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The green paradox and learning-by-doing in the renewable energy sector

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  • Nachtigall, Daniel
  • Rübbelke, Dirk

Abstract

The green paradox conveys the idea that climate policies may have unintended side effects when taking into account the reaction of fossil fuel suppliers. The prospect of carbon taxes being implemented in the future induces resource owners to extract more rapidly which increases present carbon dioxide emissions and accelerates global warming. However, our results suggest that future carbon taxes may decrease present emissions if resource owners face increasing marginal extraction costs and if there is a clean energy source that is a perfect substitute and exhibits learning-by-doing (LBD).

Suggested Citation

  • Nachtigall, Daniel & Rübbelke, Dirk, 2016. "The green paradox and learning-by-doing in the renewable energy sector," Resource and Energy Economics, Elsevier, vol. 43(C), pages 74-92.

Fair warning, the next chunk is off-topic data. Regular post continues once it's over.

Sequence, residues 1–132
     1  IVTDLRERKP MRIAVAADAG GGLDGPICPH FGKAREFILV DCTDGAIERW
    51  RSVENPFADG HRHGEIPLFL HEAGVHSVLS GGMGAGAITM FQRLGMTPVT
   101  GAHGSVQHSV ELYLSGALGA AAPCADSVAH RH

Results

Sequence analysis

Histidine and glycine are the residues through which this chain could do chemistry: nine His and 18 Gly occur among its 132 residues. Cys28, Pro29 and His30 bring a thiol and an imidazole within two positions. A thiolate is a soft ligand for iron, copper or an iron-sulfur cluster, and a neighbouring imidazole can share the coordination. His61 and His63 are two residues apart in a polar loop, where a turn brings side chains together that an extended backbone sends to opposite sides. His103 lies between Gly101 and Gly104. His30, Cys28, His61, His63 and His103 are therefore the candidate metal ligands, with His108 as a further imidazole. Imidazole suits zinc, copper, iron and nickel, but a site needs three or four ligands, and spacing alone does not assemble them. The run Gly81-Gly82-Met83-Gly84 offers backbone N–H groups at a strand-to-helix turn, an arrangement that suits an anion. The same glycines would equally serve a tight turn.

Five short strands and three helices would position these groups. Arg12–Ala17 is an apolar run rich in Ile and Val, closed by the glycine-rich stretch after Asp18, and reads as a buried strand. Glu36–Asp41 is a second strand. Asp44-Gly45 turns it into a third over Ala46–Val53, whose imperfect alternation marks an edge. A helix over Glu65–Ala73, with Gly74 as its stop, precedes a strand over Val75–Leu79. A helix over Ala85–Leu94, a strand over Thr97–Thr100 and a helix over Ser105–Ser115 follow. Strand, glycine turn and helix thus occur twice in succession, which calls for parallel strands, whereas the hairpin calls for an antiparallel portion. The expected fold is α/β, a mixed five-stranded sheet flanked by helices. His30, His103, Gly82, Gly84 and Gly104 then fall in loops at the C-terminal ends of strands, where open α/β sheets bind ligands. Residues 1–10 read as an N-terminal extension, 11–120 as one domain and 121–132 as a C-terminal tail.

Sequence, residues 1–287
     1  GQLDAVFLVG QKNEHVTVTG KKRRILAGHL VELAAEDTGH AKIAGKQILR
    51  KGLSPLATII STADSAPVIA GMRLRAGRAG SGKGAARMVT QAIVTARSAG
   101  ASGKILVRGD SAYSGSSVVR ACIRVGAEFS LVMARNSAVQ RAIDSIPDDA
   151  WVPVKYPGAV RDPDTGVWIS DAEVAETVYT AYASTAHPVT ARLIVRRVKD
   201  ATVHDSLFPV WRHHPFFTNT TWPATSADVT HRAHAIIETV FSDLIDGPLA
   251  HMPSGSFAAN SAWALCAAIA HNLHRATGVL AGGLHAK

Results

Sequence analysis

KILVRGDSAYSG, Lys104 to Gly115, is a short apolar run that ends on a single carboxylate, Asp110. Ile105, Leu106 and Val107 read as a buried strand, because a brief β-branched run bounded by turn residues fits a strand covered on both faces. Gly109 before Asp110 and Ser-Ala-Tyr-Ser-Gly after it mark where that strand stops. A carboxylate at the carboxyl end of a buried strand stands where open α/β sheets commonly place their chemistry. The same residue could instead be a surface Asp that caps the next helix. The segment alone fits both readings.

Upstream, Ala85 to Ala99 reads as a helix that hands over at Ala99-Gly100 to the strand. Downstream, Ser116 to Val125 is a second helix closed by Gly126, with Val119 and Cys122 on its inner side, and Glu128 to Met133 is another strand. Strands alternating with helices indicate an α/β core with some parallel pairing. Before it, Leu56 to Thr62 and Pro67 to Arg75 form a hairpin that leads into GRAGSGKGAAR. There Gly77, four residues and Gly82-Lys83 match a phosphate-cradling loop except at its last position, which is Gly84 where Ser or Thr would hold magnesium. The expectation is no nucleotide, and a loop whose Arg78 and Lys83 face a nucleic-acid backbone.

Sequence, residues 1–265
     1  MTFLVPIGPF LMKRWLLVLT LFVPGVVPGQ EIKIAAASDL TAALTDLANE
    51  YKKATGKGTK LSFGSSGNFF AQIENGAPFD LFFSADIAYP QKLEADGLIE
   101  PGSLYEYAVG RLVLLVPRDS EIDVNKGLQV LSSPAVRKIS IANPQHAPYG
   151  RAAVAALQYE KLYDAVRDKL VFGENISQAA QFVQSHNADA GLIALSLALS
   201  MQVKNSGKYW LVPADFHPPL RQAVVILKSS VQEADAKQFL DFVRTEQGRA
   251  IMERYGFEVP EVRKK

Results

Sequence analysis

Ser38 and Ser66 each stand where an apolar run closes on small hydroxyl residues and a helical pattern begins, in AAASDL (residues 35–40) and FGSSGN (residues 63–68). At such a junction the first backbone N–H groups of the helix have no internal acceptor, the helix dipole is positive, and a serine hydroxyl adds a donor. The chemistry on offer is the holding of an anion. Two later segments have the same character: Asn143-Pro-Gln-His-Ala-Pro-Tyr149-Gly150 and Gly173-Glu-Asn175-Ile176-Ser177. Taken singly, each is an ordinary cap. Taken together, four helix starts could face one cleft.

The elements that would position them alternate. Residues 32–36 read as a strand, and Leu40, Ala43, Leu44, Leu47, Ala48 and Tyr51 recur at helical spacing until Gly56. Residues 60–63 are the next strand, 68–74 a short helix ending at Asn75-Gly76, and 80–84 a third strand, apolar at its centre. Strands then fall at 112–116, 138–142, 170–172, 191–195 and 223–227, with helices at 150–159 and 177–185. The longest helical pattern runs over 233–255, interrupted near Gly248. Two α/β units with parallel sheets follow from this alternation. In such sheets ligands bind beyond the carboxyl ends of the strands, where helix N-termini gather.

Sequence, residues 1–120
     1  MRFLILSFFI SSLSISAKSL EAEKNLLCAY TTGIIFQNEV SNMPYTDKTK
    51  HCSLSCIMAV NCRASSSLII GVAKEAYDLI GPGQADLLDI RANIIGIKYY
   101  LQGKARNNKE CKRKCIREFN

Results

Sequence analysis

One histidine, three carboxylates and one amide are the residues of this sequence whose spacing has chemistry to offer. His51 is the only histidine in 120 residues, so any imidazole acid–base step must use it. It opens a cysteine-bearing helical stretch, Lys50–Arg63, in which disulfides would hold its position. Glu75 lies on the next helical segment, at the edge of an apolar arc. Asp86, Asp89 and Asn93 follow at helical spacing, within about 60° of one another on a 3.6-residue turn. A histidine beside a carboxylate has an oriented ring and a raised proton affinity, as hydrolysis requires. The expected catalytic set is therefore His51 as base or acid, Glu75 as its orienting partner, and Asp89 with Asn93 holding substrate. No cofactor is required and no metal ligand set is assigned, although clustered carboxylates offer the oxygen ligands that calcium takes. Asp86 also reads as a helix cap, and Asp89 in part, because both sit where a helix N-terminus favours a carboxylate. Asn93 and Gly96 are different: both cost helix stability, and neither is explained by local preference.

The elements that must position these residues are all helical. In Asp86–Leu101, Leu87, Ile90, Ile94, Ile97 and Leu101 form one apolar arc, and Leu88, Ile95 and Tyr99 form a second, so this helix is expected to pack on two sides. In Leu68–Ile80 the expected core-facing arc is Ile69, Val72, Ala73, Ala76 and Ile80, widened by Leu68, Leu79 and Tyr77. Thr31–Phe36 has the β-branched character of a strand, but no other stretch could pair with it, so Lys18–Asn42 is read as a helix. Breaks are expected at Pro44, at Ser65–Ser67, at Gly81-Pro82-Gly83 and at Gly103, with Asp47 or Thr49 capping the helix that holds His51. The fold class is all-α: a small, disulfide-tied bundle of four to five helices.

• Handle: RePEc:eee:resene:v:43:y:2016:i:c:p:74-92
    DOI: 10.1016/j.reseneeco.2015.11.003
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    Cited by:

    1. van der Meijden, Gerard & van der Ploeg, Frederick & Withagen, Cees, 2015. "International capital markets, oil producers and the Green Paradox," European Economic Review, Elsevier, vol. 76(C), pages 275-297.
    2. Mark Schopf, 2016. "Unilateral Supply Side Policies and the Green Paradox," Working Papers Dissertations 28, Paderborn University, Faculty of Business Administration and Economics.
    3. Okullo, Samuel & Reynes, F. & Hofkes, M., 2016. "Biofuel Mandating and the Green Paradox," Discussion Paper 2016-024, Tilburg University, Center for Economic Research.
    4. repec:wsi:ccexxx:v:08:y:2017:i:02:n:s2010007817500075 is not listed on IDEAS

    More about this item

    Keywords

    Climate change; Exhaustible resources; Learning-by-doing; Green paradox;

    JEL classification:

    • Q38 - Agricultural and Natural Resource Economics; Environmental and Ecological Economics - - Nonrenewable Resources and Conservation - - - Government Policy (includes OPEC Policy)
    • Q54 - Agricultural and Natural Resource Economics; Environmental and Ecological Economics - - Environmental Economics - - - Climate; Natural Disasters and their Management; Global Warming
    • Q28 - Agricultural and Natural Resource Economics; Environmental and Ecological Economics - - Renewable Resources and Conservation - - - Government Policy
    • H23 - Public Economics - - Taxation, Subsidies, and Revenue - - - Externalities; Redistributive Effects; Environmental Taxes and Subsidies

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